New order Amish
East of us, about 40 minutes, in Reedsville, WI is an Amish community that has “lectric”. The first time I was in the bulk food store I was taken aback by the coolers, ac, the deli with all the usual items you’d see in an English deli. The owner of the store who is originally from PA was raised with electricity. I visited with a family and the Mrs.of the house was orginally from Guthrie, KY who also had lectric as the Amish call it. They are associated with the church in
Spencer, WI. Their bishop is in Spencer, so the preachers take their turn on Sundays. For bigger church events, such as Communion, he travels for that.
When the Reedsville settlement started, I read in the Budget about their activities etc. Once a month they go to the local nursing home and sing for the residents. A driver for them, who we knew, ended up in that nursing home, as did his wife. Every month they sang at the home, and the Amish asked the family if they could come and sing at both of the funerals. Well of course you can! And so they did! That blew me away!
When the Amish moved into my hometown area in W Wisc in 1961, we learned that they were of the conservative persuasion. When an English friend died they’d come to the funeral home for visitation the night before to show their respect, but you never saw them in church for a funeral, much less sing at the service! That changed somewhat overtime.
And the stories are endless…
Safe in Christ, Always
Nevins Father was born in Geauga county. His mother was born in Virginia.They moved to Union Grove. Not sure if parents moved to Illinois. Wilmas parents were from Arthur Illinois.
Very interesting. Thanks for sharing…
How can someone not from the area of Ava buy some of the Millers products?
Miller product availability...
First, thanks Erik for highlighting my little adventure and the pictures that went with it on your website. It’s always an honor.
Second, George, if you are asking if anyone (even not from the area) can simply walk in a buy from the Millers, the answer is yes. (That is what I did.) They do not have much produce on display (less than 6’x6′ of shelving, as I recall), but they do have stuff for sale there.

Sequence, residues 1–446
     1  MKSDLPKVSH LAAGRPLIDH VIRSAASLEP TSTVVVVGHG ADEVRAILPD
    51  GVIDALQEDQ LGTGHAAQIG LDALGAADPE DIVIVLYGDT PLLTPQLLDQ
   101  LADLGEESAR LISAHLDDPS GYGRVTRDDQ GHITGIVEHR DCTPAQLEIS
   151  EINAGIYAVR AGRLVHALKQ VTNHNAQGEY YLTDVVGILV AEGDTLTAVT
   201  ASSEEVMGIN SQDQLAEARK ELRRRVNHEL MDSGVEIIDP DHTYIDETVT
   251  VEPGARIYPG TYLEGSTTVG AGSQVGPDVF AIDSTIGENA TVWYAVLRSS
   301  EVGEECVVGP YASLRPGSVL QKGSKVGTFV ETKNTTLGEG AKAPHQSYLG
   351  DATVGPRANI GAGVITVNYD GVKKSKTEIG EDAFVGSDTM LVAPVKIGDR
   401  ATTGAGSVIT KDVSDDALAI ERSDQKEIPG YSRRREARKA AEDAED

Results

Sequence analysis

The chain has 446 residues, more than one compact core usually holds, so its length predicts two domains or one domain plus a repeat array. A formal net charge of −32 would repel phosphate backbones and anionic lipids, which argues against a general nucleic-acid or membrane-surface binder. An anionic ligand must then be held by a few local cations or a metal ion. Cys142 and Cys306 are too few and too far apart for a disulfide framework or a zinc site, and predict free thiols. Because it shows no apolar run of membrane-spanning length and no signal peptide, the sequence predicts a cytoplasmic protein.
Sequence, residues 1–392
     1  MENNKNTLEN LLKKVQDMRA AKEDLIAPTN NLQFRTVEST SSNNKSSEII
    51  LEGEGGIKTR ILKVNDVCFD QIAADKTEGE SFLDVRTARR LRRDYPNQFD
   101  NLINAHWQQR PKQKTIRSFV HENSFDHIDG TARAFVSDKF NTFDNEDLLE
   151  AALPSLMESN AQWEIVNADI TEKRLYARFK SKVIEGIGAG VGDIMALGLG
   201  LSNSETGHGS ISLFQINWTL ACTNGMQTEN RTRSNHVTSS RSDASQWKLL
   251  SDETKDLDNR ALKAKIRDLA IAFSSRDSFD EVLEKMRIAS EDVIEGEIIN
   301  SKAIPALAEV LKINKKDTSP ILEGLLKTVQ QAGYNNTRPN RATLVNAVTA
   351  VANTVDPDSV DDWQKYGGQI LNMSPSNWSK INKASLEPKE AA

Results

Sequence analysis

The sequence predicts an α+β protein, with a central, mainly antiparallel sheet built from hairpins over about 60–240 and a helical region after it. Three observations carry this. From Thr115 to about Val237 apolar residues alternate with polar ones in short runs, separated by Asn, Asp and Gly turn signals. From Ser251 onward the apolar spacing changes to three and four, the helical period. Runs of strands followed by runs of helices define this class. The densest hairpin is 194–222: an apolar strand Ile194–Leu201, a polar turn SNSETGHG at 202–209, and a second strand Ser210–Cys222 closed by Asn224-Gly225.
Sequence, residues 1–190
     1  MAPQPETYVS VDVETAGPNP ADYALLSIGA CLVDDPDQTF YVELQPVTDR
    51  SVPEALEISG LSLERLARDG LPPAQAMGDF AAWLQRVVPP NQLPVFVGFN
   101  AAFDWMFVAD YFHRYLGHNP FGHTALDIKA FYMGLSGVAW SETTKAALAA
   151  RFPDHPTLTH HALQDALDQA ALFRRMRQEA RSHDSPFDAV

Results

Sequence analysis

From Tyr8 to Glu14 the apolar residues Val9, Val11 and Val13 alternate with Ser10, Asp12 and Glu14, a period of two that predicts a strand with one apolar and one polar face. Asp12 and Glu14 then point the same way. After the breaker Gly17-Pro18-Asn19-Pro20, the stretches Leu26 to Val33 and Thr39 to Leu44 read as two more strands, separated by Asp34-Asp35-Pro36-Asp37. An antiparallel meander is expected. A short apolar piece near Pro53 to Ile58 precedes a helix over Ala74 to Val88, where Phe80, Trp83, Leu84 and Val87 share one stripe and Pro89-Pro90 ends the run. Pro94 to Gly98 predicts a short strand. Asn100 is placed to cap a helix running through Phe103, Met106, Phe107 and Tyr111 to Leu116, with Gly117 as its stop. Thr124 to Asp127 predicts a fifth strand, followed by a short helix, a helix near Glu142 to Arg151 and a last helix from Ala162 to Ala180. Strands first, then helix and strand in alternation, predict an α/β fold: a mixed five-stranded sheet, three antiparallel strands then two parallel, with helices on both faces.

If you’re talking about buying the Miller products from other place, I don’t know how far their distribution is, but I have seen their products in bulk food / variety stores elsewhere. Their phone number is 618.426.3108, and I’m sure you could call and ask.
Miller's Honey, Jam and Jelly is for sale at Rural King.
First: Thank you Don Burke for the pictures and story on Millers Country Crafts, I had been curious about who makes such a wide selection products locally.
Today, 14 APR 18, I saw Miller’s Honey, Jam and Jelly for sale at Rural King, at least the one in Marion IL.
Several years ago I purchased their Elderberry Jelly at The Chocolate Factory in Dixon Springs IL. Liked the flavor so much I started growing Elderberries at home.
I purchased Miller’s jelly at the save a lot grocery in Vincennes Indiana
My granddaughter, Ava (now 3 1/2) may someday be pleased to know there’s a town in her home state with the same name as hers. I hope to visit it someday.
I am pretty sure I’ve seen Miller products somewhere—perhaps in a catalog that serves the Amish? Or even in a local store that carries many items from many places (they do carry Amish noodles & cheese). I’ll have to look into it further.
How interesting about being on the grid, yet not using the internet or TV…sure seems as if it would be very tempting (how do their youngie fare during Rumspringa?).
Thank you, Don, for your photos & comments. I’ll be interested in learning how this community fares in coming years.
Alice Mary you may be thinking of Mrs. Miller’s out of Fredericksburg, Ohio. They’re actually not an Amish-owned company but do sell noodles and other food products and have a pretty wide distribution from what I’ve seen.